This page contains the details of a technical writing project accepted for Season of Docs.
- Open source organization:
- The Julia Language
- Technical writer:
- Project name:
- The unified documentation of Scientific Machine Learning
- Project length:
- Long running (5 months)
I would like to work on the unification of the SciML organization because there is a lot of room for improvement in this area and the completion of this project will undoubtedly provide immediate benefits both to Julia programmers and active contributors/maintainers of SciML. The packages scattered throughout SciML offer some really useful tools but there is always danger that they might go unnoticed (especially by newcomers) simply because the user was unable to discover the package and apply it to the problem at hand.
This is rather frustrating given that the primary purpose of the packages is to reach a wide audience of programmers (beginners and experts alike). In order to avoid the situation described above, I propose to revise the ‘front page’ of the SciML documentation thoroughly and create a sort of hub that users could use to browse related packages and explore the growing ecosystem. It could also serve as a valuable point of reference for more experienced users and allow them to work more efficiently.
First of all, the existing documentation of all individual packages needs revision with respect to the most basic stylistic issues (such as spelling, punctuation, grammar, etc.). To ensure stylistic consistency, SciML needs to have a concrete style guide (indispensable for making retrospective changes and for future reference). It would be a waste of time to start from scratch. Instead, it ought to be based on the existing Julia conventions and include new entires for SciML-specific issues.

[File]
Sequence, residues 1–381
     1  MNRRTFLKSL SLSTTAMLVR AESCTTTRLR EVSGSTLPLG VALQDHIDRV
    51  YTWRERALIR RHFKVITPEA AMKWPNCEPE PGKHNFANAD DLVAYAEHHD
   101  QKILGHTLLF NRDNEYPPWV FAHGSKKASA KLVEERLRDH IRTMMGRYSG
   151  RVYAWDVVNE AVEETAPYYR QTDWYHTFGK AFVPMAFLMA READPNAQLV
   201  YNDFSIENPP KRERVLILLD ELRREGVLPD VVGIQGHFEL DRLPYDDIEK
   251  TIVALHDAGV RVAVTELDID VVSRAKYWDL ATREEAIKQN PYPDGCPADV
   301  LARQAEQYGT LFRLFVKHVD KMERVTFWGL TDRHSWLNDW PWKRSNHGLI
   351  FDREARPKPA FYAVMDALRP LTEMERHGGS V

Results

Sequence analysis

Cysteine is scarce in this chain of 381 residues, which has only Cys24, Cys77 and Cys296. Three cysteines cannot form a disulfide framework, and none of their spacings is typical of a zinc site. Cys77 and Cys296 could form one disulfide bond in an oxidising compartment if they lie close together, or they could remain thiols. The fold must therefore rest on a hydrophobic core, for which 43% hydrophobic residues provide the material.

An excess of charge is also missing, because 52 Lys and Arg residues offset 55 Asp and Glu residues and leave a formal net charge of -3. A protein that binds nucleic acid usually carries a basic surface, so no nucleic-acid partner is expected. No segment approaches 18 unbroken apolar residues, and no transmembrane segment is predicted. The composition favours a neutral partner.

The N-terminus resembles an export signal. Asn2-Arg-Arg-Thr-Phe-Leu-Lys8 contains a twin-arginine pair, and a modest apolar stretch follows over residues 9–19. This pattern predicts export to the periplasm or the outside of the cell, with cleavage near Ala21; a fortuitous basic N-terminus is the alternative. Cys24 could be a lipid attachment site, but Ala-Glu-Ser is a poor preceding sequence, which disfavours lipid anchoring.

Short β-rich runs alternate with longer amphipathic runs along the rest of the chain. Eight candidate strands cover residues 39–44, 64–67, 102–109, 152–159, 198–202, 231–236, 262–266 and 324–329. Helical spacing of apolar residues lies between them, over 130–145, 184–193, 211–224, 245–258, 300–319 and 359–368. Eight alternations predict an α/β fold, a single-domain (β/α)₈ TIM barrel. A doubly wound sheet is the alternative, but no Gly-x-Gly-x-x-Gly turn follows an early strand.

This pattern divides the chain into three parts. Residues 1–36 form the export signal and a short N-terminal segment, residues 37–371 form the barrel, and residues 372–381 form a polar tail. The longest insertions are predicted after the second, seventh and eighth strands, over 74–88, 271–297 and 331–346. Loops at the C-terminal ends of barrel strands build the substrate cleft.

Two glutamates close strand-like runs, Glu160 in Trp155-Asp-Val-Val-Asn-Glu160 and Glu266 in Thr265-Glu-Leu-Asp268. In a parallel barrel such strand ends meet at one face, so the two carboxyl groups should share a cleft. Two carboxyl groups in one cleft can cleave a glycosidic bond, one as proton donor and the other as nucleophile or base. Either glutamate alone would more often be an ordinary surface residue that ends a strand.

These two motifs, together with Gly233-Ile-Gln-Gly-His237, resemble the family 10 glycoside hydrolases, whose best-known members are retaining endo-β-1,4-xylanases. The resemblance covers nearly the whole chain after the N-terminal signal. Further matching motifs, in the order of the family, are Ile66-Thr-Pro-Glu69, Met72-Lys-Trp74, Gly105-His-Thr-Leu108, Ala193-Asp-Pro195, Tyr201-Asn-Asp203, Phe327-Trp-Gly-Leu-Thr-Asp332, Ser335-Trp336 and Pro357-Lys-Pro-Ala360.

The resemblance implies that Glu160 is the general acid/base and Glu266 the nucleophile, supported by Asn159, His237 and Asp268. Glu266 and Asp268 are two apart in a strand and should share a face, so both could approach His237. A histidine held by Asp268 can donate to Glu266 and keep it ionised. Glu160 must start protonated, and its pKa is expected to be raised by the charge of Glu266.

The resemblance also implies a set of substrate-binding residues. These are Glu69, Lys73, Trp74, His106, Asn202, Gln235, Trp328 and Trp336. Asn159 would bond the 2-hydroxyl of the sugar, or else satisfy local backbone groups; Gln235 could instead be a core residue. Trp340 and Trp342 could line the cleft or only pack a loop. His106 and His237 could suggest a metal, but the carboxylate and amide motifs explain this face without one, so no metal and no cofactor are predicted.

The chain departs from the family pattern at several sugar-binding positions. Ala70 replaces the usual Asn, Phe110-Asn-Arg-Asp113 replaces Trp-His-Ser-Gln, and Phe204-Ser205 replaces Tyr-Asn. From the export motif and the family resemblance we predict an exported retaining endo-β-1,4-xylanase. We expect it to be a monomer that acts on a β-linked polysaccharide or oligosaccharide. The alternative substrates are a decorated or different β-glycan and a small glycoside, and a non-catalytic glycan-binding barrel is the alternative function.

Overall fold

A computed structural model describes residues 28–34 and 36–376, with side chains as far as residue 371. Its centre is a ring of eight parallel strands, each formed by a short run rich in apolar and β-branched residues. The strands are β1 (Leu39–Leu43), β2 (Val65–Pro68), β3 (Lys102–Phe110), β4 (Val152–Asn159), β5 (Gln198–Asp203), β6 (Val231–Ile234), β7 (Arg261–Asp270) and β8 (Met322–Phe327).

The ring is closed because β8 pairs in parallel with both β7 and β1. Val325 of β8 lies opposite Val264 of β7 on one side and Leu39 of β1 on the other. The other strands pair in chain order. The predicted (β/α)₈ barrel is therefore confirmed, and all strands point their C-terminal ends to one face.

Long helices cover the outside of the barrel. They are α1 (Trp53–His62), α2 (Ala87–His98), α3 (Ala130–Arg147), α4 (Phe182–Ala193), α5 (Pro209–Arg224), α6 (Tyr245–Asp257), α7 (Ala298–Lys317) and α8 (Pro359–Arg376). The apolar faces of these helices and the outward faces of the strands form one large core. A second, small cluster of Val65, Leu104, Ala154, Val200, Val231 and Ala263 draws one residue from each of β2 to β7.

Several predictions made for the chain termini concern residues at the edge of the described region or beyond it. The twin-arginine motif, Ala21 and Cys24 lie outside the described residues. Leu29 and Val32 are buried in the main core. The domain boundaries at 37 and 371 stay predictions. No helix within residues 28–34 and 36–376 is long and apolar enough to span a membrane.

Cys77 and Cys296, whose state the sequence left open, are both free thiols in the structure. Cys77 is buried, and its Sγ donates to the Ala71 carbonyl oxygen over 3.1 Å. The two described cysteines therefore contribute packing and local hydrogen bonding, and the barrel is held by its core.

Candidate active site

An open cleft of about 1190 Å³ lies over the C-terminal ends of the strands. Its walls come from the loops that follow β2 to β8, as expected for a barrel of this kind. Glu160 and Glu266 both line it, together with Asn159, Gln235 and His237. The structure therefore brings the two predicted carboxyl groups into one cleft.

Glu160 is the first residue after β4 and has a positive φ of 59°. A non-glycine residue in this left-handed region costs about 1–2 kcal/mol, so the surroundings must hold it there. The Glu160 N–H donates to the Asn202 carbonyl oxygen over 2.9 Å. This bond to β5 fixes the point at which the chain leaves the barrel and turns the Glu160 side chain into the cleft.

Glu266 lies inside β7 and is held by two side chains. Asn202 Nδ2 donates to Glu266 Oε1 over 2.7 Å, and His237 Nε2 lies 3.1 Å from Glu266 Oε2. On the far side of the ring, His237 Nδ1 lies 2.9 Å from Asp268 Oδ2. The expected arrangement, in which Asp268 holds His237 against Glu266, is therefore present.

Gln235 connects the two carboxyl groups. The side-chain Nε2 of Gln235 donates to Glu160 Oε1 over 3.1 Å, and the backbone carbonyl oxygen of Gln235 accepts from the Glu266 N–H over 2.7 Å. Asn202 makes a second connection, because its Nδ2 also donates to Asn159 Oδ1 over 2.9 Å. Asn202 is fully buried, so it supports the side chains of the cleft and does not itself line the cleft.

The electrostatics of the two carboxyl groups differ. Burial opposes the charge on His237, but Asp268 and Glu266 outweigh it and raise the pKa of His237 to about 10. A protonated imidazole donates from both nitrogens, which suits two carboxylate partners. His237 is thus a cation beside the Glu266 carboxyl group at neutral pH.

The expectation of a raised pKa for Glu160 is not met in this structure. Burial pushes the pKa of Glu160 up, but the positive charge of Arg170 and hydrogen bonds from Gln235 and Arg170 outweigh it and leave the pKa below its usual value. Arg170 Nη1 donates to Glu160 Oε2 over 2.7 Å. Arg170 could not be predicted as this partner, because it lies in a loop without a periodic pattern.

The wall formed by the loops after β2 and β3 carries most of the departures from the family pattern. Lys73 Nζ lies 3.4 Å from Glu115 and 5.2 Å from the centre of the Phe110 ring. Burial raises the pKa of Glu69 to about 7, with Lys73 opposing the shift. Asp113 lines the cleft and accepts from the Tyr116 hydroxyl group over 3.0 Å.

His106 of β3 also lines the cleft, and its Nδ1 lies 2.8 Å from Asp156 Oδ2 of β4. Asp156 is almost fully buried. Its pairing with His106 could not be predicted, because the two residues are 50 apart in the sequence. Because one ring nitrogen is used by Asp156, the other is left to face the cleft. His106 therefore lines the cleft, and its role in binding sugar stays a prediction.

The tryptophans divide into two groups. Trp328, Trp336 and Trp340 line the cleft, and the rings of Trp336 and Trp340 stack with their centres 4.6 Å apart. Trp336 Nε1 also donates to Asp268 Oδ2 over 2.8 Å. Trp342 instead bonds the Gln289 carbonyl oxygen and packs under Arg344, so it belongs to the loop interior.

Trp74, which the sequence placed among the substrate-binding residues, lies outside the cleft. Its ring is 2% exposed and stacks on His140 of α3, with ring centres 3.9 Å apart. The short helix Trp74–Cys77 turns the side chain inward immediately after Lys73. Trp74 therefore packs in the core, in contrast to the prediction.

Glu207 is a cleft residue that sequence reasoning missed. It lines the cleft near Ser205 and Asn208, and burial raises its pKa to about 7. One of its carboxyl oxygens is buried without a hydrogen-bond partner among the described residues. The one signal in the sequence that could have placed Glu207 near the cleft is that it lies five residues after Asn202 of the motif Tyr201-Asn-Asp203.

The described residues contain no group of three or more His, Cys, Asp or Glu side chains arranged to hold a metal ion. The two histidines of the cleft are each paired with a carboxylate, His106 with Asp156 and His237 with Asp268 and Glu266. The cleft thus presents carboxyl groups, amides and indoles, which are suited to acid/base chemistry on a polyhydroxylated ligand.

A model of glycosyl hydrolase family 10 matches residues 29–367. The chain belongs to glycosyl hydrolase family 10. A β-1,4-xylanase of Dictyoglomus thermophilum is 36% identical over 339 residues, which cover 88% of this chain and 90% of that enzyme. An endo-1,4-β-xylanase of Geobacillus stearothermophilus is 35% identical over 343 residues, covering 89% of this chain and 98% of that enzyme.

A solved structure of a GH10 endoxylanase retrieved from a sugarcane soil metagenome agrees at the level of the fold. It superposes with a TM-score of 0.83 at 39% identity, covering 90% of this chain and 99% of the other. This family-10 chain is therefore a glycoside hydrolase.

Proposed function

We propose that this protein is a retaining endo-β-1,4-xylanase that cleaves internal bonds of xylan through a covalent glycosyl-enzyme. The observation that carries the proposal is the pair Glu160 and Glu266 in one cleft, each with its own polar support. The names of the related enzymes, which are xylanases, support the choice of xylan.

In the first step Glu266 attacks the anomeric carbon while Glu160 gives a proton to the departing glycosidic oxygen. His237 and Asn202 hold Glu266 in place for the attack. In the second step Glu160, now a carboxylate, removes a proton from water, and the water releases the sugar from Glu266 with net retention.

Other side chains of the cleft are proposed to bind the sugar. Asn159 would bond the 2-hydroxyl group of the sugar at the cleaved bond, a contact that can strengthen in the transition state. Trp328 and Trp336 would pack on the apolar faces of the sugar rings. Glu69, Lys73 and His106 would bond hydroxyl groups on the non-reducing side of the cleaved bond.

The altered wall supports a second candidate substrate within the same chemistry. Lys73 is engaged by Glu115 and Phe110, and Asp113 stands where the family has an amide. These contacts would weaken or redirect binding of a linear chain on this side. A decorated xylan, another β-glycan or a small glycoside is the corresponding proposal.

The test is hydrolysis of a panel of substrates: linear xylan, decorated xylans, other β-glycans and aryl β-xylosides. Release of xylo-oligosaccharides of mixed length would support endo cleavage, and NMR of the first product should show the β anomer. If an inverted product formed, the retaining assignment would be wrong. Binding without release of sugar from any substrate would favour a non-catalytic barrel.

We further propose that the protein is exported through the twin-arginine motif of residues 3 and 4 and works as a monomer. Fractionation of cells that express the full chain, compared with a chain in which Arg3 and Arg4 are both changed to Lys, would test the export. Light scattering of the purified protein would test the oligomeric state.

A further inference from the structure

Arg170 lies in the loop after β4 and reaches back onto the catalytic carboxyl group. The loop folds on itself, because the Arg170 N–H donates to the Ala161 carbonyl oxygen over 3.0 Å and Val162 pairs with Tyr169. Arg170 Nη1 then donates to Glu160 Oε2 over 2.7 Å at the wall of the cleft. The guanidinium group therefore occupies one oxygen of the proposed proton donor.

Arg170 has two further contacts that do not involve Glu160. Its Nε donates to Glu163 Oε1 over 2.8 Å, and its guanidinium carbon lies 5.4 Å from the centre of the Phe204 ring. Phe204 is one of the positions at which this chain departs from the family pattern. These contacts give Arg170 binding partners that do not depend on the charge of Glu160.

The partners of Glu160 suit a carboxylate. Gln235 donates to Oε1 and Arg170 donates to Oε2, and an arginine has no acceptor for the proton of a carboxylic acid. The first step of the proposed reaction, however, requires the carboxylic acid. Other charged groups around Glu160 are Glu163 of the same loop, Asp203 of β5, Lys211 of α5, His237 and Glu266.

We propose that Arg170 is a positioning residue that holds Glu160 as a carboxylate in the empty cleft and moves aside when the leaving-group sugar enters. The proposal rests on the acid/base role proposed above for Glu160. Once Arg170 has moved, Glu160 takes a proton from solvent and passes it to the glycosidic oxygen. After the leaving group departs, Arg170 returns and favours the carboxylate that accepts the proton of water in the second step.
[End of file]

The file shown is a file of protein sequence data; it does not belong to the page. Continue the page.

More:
Once the style guide has been completed, I intend to revise the current documentation in the second phase of the project. It will make the documentation look more professional and stable. I have already created several pull requests that illustrate my approach to this task. In this phase, I also intend to devise (and implement) an efficient citation system. The very first task will be to update the outdated citations page.
The third phase, arguably the most important one, will involve designing the SciML roadmap, which will emphasize the interplay between the scattered packages. The stronger the cohesion between two packages (with respect to the problem or the code itself), the closer should they appear in the ‘see also’ list. I propose to create two recommendation keys: one for code similarity and one for problem similarity. This way, users would be able to identify other potentially useful packages much faster than by laborious browsing through the respective repositories and documentation. Instead of listing all the possible connections among the packages, I would rather focus on the larger ones and try to present their links with smaller packages (this method will also be extended to updating tutorials where the connection with another package should be pointed out). This approach guarantees that the ‘see also’ lists will be informative without being exhaustive enumerations of package combinations.